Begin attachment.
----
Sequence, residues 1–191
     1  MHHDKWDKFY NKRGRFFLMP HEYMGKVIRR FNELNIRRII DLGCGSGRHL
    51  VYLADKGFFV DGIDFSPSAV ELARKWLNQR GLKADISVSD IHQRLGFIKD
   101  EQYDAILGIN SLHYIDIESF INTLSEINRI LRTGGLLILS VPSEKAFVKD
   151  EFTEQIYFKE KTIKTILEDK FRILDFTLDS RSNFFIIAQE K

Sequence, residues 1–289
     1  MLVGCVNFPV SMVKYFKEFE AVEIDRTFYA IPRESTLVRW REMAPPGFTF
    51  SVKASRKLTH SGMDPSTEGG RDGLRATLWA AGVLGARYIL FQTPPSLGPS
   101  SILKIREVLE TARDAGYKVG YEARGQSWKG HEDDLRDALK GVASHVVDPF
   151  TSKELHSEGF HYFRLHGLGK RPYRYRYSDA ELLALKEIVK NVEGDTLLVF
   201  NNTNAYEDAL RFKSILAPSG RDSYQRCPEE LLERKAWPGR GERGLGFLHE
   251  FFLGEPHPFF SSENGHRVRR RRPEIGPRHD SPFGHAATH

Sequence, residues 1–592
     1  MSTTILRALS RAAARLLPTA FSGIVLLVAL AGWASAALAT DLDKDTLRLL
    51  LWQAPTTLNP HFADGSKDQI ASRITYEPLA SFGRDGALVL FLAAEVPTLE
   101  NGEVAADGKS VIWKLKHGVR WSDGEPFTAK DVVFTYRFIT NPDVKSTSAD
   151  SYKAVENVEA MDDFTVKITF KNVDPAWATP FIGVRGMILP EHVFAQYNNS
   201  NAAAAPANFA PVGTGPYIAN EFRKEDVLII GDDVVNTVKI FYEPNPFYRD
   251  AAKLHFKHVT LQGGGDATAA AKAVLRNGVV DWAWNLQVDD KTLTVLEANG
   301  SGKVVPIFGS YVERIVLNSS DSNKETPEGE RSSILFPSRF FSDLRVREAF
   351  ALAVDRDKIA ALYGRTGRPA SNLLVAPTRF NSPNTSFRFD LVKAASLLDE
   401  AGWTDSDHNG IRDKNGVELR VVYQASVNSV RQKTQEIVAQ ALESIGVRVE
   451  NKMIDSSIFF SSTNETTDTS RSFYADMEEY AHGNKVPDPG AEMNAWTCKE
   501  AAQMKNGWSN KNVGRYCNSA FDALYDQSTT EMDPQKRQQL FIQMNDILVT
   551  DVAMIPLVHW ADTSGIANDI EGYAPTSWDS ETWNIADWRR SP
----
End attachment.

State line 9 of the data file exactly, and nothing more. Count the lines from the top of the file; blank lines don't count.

   101  SILKIREVLE TARDAGYKVG YEARGQSWKG HEDDLRDALK GVASHVVDPF